It was a chance at payback for the 10th ranked University of Louisville basketball Cardinals (24-5, 12-4 Big East) as they traveled to New York to take on the 12th ranked Syracuse University Orange (22-7, 10-6) at the Carrier Dome on Saturday. Cuse stole a win earlier this year at the KFC Yum! Center when Louisville was ranked number one so the Cards were looking for redemption. They also wanted to find a way to close the season undefeated and now they have a good shot at it as they beat the men in orange, 58-53.
The game started fairly even which was good news for Louisville since the road hasn’t been kind to the Cards all season because they always start out so tight. But with the caliber of talent in each line up, you knew both teams would settle down and get into their own rhythms.
Louisville's first run was 9-0 as they seemed to be determined not to have a let down affect this game that way it did the first time they played. You could see it in the way Gorgui Dieng looked to take over the game with his jump shot and his moves to the basket.
Both teams shot a poor percentage in the first half. Louisville hit on just 31% and Syracuse just 27.3% so defense was the way to keep it close. That's a place Dieng made his presence felt, too The Senegal native let the Orange know that nothing would be easy inside while Russ Smith and Peyton Siva kept picking pockets on the wings.
Play for Louisville got sloppy toward the end of the first half and let the Orange close the gap to 23-19 before going into the break. Even though it was a 4 point lead, it felt like it should be more because the Cardinals outplayed the home team. In fact, the 19 points were a season low for Syracuse in the first half.
Siva continued his struggles against the Orange, going scoreless for the entire game and never once drawing enough contact to even go to the free throw line. No one can seem to figure out why he has trouble with this team, but it’s plagued his entire college career.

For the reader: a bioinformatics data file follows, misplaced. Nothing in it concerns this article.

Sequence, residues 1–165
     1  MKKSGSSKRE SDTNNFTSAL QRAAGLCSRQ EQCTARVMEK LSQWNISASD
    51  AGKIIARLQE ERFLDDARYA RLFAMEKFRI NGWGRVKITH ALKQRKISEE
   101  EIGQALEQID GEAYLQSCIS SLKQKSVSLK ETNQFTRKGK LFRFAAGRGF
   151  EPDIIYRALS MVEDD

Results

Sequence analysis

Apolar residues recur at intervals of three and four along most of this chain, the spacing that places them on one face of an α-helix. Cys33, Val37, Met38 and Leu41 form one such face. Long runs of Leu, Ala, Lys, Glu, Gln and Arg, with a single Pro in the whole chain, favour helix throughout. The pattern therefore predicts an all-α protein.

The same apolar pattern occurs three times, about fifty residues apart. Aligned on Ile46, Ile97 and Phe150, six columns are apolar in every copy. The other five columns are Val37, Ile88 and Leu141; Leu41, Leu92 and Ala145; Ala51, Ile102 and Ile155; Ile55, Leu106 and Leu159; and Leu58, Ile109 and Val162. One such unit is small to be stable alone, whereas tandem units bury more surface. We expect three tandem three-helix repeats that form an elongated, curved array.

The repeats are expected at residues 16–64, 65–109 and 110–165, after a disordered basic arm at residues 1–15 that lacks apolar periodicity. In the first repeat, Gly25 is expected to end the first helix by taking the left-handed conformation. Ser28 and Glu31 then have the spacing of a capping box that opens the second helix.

In the second half, Syracuse got all their 2-foul guys who spent time on the bench in the first stanza back into the game. As a result, the Orange played a tougher. To counteract, Louisville hit shots at a better rate. Smith started that off as did Wayne Blackshear, who had been way too quiet for his first 20 minutes.
Photo: Louisville.com/Tim Girton
A 7-0 run from the Orange put them in the lead briefly which brought fans in the Carrier Dome to their feet. The other storyline was how Louisville committed more fouls in the first few minutes than most of the first half. While there is no proof, it looked like the officials had heard a few too many complaints from coach Jim Boeheim and called some just to shut him up. It's a typical coaching move and Boeheim is famous for whining.
James Southerland kept Cuse in it with crucial triples, but Louisville could answer from NBA range with Luke Hancock, who looks so much more comfortable in the second half of the season with his stroke. Down low Dieng kept attacking the rim to get those critical points in the paint.
Coach Rick Pitino kept Siva on the bench and let Smith run the point with Hancock and Ware as the other ball handlers and it worked for a long time as Louisville maintained a slim lead and even on the lead changes, they kept Syracuse from breaking away. Siva came back in the game with a little over 3 minutes left. As soon as he did, the Orange went up by one.
Hancock, the recipient of the worst call Pitino had ever seen (his mouthed words with a choice expletive included), hit a triple late to give the Cards the lead for good. Kevin Ware earned his minutes with good play including a steal with 30 seconds to go. He nailed 2 clutch free throws with 12 seconds to go to seal the win.
For the Cards, Smith led the way with 18 points and 5 assists. Hancock had 12 on 4-of-5 three point shooting. Dieng provided the inside muscle with a double-double: 11 points and 14 rebounds.
Louisville has a quick turnaround as they play at the KFC Yum! Center on Monday against arch nemesis Cincinnati. That game tips at 7pm.
Photo: Louisville.com/Tim Girton